Fennel can be a very divisive ingredient, with its extremely distinctive, aniseed-like flavour. Despite looking like a large spring onion, it can taste more like liquorice, so it's not for everyone.
But if you are a fennel fan, now is the best time to be cooking with it, as the summer is when it's at its best here in the UK.
You can buy dried fennel seeds, which are fantastic for flavouring curries and tagines with, adding a little heat, making them a perfect ingredient for during the winter months.
Fresh fennel is at its best right now, though, and eating it can in fact have a whole variety of potential benefits for your health. Fennel is high in fibre, and it's also a good natural source of potassium and vitamin C, both of which are known for helping to keep hearts healthy and immune systems in good condition.
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It can have a rather pungent, distinctive smell too, so before experimenting with it, make sure you have one of our Chef's Friend Reed Diffusers, a Chef's Friend Candle in a Tin or a Chef's Friend Room Spray to hand to prevent strong cooking aromas from lingering for too long.
So, what exactly should you be cooking with fennel while it's in season?
Roasted carrot and fennel soup
It might not be prime soup season right now, but the gorgeous fresh vegetable flavours in Jamie Oliver's roast carrot and fennel soup make for a lovely light summer meal or starter for a dinner party.
The recipe requires two bulbs of fennel, a kilogram of carrots, an onion, two cloves of garlic, one-and-a-half litres of vegetable stock, 100 ml of single cream and a drizzle of olive oil. The vegetables need roasting in the oven, before they are placed in a pan to simmer along with the other ingredients, before being blitzed into a beautiful orange-coloured soup.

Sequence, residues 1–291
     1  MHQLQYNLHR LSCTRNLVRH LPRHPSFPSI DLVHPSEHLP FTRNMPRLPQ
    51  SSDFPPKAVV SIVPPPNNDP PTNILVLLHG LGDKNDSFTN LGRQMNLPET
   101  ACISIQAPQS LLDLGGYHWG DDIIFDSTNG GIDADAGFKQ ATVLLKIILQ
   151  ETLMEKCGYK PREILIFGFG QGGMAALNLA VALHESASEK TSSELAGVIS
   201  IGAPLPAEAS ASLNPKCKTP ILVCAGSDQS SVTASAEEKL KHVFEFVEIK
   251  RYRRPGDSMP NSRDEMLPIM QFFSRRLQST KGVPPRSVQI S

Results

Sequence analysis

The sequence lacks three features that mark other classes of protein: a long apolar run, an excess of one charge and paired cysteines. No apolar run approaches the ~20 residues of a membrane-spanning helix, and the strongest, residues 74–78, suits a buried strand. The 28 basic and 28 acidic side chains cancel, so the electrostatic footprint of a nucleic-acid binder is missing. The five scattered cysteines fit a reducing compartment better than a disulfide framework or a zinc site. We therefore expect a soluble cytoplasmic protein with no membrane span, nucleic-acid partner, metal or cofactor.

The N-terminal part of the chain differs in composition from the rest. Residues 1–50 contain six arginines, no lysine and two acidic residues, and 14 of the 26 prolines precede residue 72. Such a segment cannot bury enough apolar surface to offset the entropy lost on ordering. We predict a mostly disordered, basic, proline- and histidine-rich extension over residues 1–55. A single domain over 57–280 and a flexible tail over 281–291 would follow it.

Fennel and leek tart
Fennel is also a wonderful addition to a summer tart or quiche. Make sure you use a tea towel or some paper towels to squeeze all of the moisture out of your fennel before adding it to your pastry case to avoid a soggy bottom! Do the same with your leeks too, and pour over the mixture of seasoned eggs, milk and cheese that you usually use when making a quiche.
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Make your own pastry if you have the time, but shop-bought shortcrust pastry will work just as well and provide you with a handy cheat's shortcut.
Slicing fresh fennel into layers turns it into an excellent addition for a lasagne - if you're trying to curb your carb intake, you could even use several layers of fennel as a vegetable substitute for pasta sheets.
Or you could take inspiration from 2009 MasterChef winner Mat Follas, who suggests using a vegetarian ragu-style sauce made from fennel and roasted tomatoes as an alternative to a traditional bolognese-esque sauce in your homemade lasagne over on the BBC Good Food website. Serve with a fennel salad for extra freshness and flavour.
For a summery side dish with a difference, a fennel gratin is a lovely option. It's a much lighter choice than a traditional potato-based gratin, and BBC Good Food has a gorgeous, simple recipe that advises using a sprinkle of nutmeg in the creamy sauce to balance out the strong flavour of the fennel.
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Fennel goes very well alongside white fish and meat, so if you're having a plain pork chop or piece of cod for dinner, this gratin will add a much more exciting element to your meal.
Chocolate and fennel mousse cake
Have you ever considered pairing chocolate with fennel before? It's a slightly unusual suggestion, but it actually works very well. Aniseed and liquorice often feature in puddings, and fennel has a very similar flavour to both of these, which means it does work well in a sweet dish too.
For example, James Martin has a recipe for a chocolate and fennel mousse cake, which features candied peel, as well as grated fennel in the cake batter itself. Before you turn your nose up at this concept, ingredients like courgette and beetroot might not ordinarily be your first choice for sweet baking, but they both work beautifully in a chocolate cake. And the candied peel on top finishes everything off perfectly.